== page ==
The Halloween Horror Fest Bride

OK, time is running out and there’s quite a few films to be covered.  Let’s go!

The Wicker Man (1973)

British horror classic, starring Edward Woodward as the policeman who travels to the remote Scottish island of Summerisle to search for a missing girl.  His investigations are fraught and the locals unhelpful.  Soon it becomes clear that the islanders are pagans, and totally at odds with the devout investigators beliefs. wicker

There is an air of sinister dread that pervades this film, and builds slowly to the shocking, yet inevitable climax.  Though there are no shocks, blood and gore, The Wicker Man creates a believably strange and foreboding world.

Excellent performances from Woodward and Christopher Lee as Lord Summerisle make the whole experience all the richer.  A film that gets better with every viewing.

9/10

The Corpse Bride (2005)

Beautiful animated wonder from Tim Burton, with the voice talents of many of the usual suspects, make this film a success on every level. cb

A marriage of convenience for Victor (Johnny Depp) and Victoria (Emily Watson) turns out to be a perfect match, until it all goes wrong and Victor finds himself married to Emily, the Corpse Bride (Helena Bonham Carter).  The tangled situation is complicated by trickery and treachery, as our hero tries to escape his situation and make wrongs right.

A superb voice cast and fabulous music enhance the spellbinding visuals, and not a moment is missed to dazzle the viewer.  In particular the scenes in the underworld are vibrant and thrilling, especially compared with the dull land of the living.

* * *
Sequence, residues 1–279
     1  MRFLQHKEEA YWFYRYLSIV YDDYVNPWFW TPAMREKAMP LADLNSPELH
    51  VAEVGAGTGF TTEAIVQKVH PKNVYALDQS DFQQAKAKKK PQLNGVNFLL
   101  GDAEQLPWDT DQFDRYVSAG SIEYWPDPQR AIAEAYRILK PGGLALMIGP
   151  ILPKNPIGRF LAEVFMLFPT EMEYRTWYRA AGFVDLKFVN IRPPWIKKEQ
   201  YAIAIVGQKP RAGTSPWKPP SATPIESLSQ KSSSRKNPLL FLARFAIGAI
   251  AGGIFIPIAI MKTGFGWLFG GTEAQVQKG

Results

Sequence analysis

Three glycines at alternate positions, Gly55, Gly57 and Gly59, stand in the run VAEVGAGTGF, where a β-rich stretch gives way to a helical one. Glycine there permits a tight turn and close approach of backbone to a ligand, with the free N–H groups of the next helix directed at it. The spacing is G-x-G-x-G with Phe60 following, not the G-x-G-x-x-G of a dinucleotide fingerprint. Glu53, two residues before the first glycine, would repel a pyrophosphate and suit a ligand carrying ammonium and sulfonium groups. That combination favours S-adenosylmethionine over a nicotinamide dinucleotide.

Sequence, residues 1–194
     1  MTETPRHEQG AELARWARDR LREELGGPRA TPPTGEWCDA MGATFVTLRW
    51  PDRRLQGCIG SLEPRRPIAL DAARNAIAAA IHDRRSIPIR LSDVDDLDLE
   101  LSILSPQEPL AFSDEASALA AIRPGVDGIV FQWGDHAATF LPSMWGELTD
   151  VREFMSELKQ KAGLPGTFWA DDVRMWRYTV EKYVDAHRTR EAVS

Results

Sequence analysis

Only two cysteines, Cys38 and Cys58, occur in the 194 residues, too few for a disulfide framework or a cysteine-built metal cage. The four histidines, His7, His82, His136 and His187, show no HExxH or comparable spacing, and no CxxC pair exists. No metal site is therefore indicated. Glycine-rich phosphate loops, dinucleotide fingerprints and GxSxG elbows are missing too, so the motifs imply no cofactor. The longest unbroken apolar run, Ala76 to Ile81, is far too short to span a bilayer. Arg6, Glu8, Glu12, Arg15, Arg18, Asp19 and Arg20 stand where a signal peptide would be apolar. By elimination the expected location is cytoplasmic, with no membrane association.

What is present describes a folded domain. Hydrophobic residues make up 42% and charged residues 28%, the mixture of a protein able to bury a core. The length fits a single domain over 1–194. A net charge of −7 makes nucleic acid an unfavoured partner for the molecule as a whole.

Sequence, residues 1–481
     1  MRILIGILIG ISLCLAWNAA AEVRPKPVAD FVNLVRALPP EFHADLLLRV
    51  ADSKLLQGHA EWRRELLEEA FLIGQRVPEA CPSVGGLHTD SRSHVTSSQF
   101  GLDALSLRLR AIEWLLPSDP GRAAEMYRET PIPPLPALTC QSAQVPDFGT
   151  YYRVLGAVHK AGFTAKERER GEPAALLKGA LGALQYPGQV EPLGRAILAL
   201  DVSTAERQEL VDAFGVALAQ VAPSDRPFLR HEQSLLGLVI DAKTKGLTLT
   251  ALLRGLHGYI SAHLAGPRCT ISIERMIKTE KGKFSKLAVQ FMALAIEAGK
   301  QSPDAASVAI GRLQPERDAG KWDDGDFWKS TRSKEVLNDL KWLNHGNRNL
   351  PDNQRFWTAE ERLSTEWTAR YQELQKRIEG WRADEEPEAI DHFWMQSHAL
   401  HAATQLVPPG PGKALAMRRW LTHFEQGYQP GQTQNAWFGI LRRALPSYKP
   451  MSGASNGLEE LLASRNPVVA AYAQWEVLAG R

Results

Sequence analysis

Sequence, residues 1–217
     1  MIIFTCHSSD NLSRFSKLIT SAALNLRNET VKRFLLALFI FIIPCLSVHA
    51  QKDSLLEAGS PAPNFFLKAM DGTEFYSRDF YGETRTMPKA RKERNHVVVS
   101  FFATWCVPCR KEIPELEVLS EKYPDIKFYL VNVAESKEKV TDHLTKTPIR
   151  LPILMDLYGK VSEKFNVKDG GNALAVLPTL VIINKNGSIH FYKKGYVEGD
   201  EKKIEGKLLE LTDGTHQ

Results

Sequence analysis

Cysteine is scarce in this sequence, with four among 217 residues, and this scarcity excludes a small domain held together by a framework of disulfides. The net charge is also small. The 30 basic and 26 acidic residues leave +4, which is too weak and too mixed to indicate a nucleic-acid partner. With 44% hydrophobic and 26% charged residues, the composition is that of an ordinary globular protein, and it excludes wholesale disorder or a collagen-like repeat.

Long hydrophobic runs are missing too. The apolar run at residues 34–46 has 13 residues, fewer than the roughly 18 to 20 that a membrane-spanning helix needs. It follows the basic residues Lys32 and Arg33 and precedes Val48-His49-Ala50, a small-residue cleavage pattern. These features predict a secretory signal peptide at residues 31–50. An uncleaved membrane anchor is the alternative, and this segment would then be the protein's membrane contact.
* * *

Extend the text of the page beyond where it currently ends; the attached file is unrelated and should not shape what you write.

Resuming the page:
The Corpse Bride is great fun for Halloween and a film to enjoy again and again.

9/10.

Hallowe’en Horror Fest Shadows

Dark Shadows (2012)

Tim Burton and – who else? – Johnny Depp bring us Dark Shadows, based on the cult late ’60’s TV show of the same name.  It’s a mix of horror, comedy and drama that is happy to lurk in Gothic darkness, but also offers a campy humour. dark

Barnabas Collins (Depp), heir to the wealthy Collins clan fortune, makes the mistake of spurning the love of Angelique (Eva Green).  Angelique happens to be a witch who curses Barnabas to become a vampire.  After being imprisoned for 200 years, Collins is awoken and finds himself in the year 1972.  A man – or vampire – considerably out of his time, Barnabas returns to the family home with the intention of restoring the Collins family to both wealth and harmony.  Aided by matriarch Elizabeth (Michelle Pfeiffer), Barnabas faces Angelique once more; whilst also attempting to help his family and win the love of his life.

Does that sound like fun to you?  It did to me.  Which is why I’m surprised that some people didn’t dig this retro gem.  The mixing of genres may have confused some audiences, but to me Dark Shadows is a delightfully ghoulish confection in the spirit of the Addams Family and The Munsters.

I enjoyed the comedy elements, and there’s enough blood to tick the horror box.  Most of all though, I love the 1970’s setting – obviously inspired (again) by Hammer, there are cool cars and an exceptional soundtrack.  Alice Cooper even has a cameo as himself, for goodness sake – playing two classic Coop tracks!

Great cast, cool atmosphere – it all adds up to a winner in my book.

9/10